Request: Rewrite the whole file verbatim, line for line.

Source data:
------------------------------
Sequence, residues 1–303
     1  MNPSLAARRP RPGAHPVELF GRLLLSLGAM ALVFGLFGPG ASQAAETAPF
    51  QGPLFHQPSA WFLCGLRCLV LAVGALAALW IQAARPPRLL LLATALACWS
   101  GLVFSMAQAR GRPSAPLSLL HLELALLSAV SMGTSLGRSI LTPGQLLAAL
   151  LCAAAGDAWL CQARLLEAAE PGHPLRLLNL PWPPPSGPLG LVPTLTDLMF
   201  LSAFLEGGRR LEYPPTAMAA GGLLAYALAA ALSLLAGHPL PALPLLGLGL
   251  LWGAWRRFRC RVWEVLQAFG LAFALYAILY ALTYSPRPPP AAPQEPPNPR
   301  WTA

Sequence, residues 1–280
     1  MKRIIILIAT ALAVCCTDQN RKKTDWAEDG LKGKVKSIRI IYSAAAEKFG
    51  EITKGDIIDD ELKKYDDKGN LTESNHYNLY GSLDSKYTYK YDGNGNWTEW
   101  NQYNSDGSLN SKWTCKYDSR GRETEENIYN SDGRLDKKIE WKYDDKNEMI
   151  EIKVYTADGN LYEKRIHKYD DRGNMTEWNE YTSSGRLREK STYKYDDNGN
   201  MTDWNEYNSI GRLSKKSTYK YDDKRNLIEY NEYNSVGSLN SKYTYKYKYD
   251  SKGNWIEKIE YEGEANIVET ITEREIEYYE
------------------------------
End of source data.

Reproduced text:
Sequence, residues 1–303
     1  MNPSLAARRP RPGAHPVELF GRLLLSLGAM ALVFGLFGPG ASQAAETAPF
    51  QGPLFHQPSA WFLCGLRCLV LAVGALAALW IQAARPPRLL LLATALACWS
   101  GLVFSMAQAR GRPSAPLSLL HLELALLSAV SMGTSLGRSI LTPGQLLAAL
   151  LCAAAGDAWL CQARLLEAAE PGHPLRLLNL PWPPPSGPLG LVPTLTDLMF
   201  LSAFLEGGRR LEYPPTAMAA GGLLAYALAA ALSLLAGHPL PALPLLGLGL
   251  LWGAWRRFRC RVWEVLQAFG LAFALYAILY ALTYSPRPPP AAPQEPPNPR
   301  WTA

Sequence, residues 1–280
     1  MKRIIILIAT ALAVCCTDQN RKKTDWAEDG LKGKVKSIRI IYSAAAEKFG
    51  EITKGDIIDD ELKKYDDKGN LTESNHYNLY GSLDSKYTYK YDGNGNWTEW
   101  NQYNSDGSLN SKWTCKYDSR GRETEENIYN SDGRLDKKIE WKYDDKNEMI
   151  EIKVYTADGN LYEKRIHKYD DRGNMTEWNE YTSSGRLREK STYKYDDNGN
   201  MTDWNEYNSI GRLSKKSTYK YDDKRNLIEY NEYNSVGSLN SKYTYKYKYD
   251  SKGNWIEKIE YEGEANIVET ITEREIEYYE